SAP (SH2D1A) is required intrinsically in CD4 T cells to generate germinal center responses and long-term humoral immunity. SAP binds to SLAM family receptors, including SLAM, CD84, and Ly108 to enhance cytokine secretion and sustained T cell:B cell adhesion, which both improve T follicular helper (Tfh) cell aid to germinal center (GC) B cells. To understand the overlapping roles of multiple SLAM family receptors in germinal center responses, Slamf1Δ/Δ Slamf5Δ/Δ Slamf6Δ/Δ triple gene disruption (Slamf1,5,6Δ/Δ) mice were generated using CRISPR-Cas9 gene editing to eliminate expression of SLAM (CD150), CD84, and Ly108, respectively. Gene targeting was highly efficient, with 6 of 6 alleles disrupted in 14 of 23 pups and the majority of alleles disrupted in the remaining pups. NKT cell differentiation in Slamf1,5,6Δ/Δ mice was defective, but not completely absent. The remaining NKT cells exhibited substantially increased 2B4 (SLAMF4) expression. Surprisingly, there were no overt defects in germinal center responses to acute viral infections or protein immunizations in Slamf1,5,6Δ/Δ mice, unlike Sh2d1a-/- mice. Similarly, in the context of a competitive environment, SLAM family receptor expressing GC Tfh cell, GC B cell, and plasma cell responses exhibited no advantages over Slamf1,5,6Δ/Δ cells.

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<![CDATA[Evolutionary Dynamics of Tumor-Stroma Interactions in Multiple Myeloma]]> https://www.researchpad.co/article/5989d9e3ab0ee8fa60b6a716

Cancer cells and stromal cells cooperate by exchanging diffusible factors that sustain tumor growth, a form of frequency-dependent selection that can be studied in the framework of evolutionary game theory. In the case of multiple myeloma, three types of cells (malignant plasma cells, osteoblasts and osteoclasts) exchange growth factors with different effects, and tumor-stroma interactions have been analysed using a model of cooperation with pairwise interactions. Here we show that a model in which growth factors have autocrine and paracrine effects on multiple cells, a more realistic assumption for tumor-stroma interactions, leads to different results, with implications for disease progression and treatment. In particular, the model reveals that reducing the number of malignant plasma cells below a critical threshold can lead to their extinction and thus to restore a healthy balance between osteoclast and osteoblast, a result in line with current therapies against multiple myeloma.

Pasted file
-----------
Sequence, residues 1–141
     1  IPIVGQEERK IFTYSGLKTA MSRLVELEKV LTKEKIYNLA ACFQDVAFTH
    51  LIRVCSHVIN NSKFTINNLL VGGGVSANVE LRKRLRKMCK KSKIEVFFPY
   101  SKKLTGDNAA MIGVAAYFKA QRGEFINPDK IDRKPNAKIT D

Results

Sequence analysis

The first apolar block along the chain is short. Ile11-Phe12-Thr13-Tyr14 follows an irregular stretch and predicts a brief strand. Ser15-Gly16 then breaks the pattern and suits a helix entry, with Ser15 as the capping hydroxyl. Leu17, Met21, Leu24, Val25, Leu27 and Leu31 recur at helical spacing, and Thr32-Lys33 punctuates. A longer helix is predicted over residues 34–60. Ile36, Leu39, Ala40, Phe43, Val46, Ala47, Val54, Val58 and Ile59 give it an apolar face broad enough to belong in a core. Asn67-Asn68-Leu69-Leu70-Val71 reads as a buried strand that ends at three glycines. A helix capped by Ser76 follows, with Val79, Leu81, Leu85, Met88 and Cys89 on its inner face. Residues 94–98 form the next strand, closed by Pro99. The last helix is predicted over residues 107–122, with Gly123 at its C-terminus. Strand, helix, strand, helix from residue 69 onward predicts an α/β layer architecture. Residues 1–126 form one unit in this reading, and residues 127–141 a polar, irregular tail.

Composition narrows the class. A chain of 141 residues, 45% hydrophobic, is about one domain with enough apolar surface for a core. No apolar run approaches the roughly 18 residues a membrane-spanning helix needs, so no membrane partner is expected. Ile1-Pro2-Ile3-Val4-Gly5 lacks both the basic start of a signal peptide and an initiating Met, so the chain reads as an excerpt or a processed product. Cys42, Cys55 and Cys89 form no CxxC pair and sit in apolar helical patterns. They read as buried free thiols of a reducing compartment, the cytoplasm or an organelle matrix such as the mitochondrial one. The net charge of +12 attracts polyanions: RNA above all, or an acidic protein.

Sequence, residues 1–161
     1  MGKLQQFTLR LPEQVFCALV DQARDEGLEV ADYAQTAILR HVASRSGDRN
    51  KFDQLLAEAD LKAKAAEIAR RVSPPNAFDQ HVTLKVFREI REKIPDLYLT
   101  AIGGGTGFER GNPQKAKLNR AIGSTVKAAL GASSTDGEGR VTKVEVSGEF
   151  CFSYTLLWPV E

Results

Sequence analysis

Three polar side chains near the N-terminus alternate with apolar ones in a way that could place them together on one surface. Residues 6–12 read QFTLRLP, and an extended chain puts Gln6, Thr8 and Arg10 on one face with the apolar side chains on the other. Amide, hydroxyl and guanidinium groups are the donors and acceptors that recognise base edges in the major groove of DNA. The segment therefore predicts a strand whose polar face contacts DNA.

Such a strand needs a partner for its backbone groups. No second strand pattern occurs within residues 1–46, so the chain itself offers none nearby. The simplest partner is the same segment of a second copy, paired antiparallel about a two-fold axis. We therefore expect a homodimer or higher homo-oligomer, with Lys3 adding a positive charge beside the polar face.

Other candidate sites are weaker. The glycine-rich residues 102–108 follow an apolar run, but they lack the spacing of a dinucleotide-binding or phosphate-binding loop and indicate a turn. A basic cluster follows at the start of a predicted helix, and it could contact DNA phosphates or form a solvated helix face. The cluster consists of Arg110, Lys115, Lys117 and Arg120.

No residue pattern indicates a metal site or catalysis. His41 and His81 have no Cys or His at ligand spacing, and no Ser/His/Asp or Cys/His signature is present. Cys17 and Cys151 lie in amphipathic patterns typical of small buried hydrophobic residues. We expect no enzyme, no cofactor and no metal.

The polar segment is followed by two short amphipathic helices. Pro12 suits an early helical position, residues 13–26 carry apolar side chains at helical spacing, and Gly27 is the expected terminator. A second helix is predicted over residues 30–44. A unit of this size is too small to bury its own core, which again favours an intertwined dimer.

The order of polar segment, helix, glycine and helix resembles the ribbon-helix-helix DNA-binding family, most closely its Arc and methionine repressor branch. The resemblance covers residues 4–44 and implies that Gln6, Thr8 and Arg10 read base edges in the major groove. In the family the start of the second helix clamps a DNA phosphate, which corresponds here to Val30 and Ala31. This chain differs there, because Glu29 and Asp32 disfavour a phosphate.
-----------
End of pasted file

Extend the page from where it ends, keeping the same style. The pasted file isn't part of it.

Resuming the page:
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<![CDATA[Detectable HIV-RNA in semen of HIV controllers]]> https://www.researchpad.co/article/5aafcc1c463d7e7f0523451c

Background

Whether spontaneous low levels of HIV-1 RNA in blood plasma correlate with low levels of HIV-1 RNA in seminal plasma has never been investigated in HIV controller (HIC) men so far.

Methods

HIC men enrolled in the ANRS CODEX cohort were eligible for the present study if they had no symptoms of sexually transmitted infections (STI). Two paired samples of blood and semen were collected four weeks apart. HIV-RNA was quantified in blood plasma (bpVL) and in seminal plasma (spVL), and cell-associated HIV-DNA was quantified in peripheral blood mononuclear cells (PBMC) and in non-sperm cells (NSC). Spearman rho tests were used to estimate correlations between bpVL and spVL.

Results

Ten men were enrolled. At Day 0 (D0), spVL was detectable in four patients: 458; 552; 256 copies/mL and PCR signal detectable below limit of quantification (LoQ, 40 copies/mL). At Day 28 (D28), spVL was detectable in the same four participants in whom spVL was detectable at D0 with 582; 802; 752 and 50 copies/mL, respectively. HIV-DNA was detectable below LoQ in NSC of one patient at D0 visit. No patient had detectable HIV-DNA in NSC at D28 visit. At D0, bpVL and spVL were highly positively correlated (Spearman rho: 0.94; p = 0.0001). Similar results were found at D28.

Conclusion

We show that HIV-RNA can be detected in the semen of HIC men, with levels positively correlated with those measured concomitantly in blood plasma. HIC men should be aware of the risk of HIV genital shedding, especially if viral blips are reported.